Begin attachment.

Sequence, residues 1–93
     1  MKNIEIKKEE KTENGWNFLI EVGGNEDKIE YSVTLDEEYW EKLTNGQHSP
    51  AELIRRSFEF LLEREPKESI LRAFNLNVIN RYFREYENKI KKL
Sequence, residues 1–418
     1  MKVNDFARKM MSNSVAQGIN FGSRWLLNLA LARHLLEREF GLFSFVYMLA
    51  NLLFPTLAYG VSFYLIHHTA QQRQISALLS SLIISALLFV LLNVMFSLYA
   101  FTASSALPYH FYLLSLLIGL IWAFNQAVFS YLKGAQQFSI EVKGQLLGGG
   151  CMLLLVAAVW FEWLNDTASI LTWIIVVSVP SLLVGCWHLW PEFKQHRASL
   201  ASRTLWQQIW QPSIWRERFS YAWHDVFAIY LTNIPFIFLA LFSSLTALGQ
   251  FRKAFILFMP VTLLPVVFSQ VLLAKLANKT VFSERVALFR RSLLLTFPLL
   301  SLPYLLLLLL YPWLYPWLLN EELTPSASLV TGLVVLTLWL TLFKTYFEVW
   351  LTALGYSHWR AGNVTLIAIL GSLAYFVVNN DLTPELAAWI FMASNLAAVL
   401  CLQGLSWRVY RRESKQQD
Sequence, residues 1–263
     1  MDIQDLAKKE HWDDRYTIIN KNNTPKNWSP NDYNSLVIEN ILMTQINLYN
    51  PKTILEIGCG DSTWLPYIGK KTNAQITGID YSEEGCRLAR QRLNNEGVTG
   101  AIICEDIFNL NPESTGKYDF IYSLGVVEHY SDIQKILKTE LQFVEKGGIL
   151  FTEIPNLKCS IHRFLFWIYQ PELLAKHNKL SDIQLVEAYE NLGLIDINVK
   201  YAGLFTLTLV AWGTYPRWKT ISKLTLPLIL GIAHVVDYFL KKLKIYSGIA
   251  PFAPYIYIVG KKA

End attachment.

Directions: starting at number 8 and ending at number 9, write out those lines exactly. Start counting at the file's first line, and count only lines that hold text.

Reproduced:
   151  CMLLLVAAVW FEWLNDTASI LTWIIVVSVP SLLVGCWHLW PEFKQHRASL
   201  ASRTLWQQIW QPSIWRERFS YAWHDVFAIY LTNIPFIFLA LFSSLTALGQ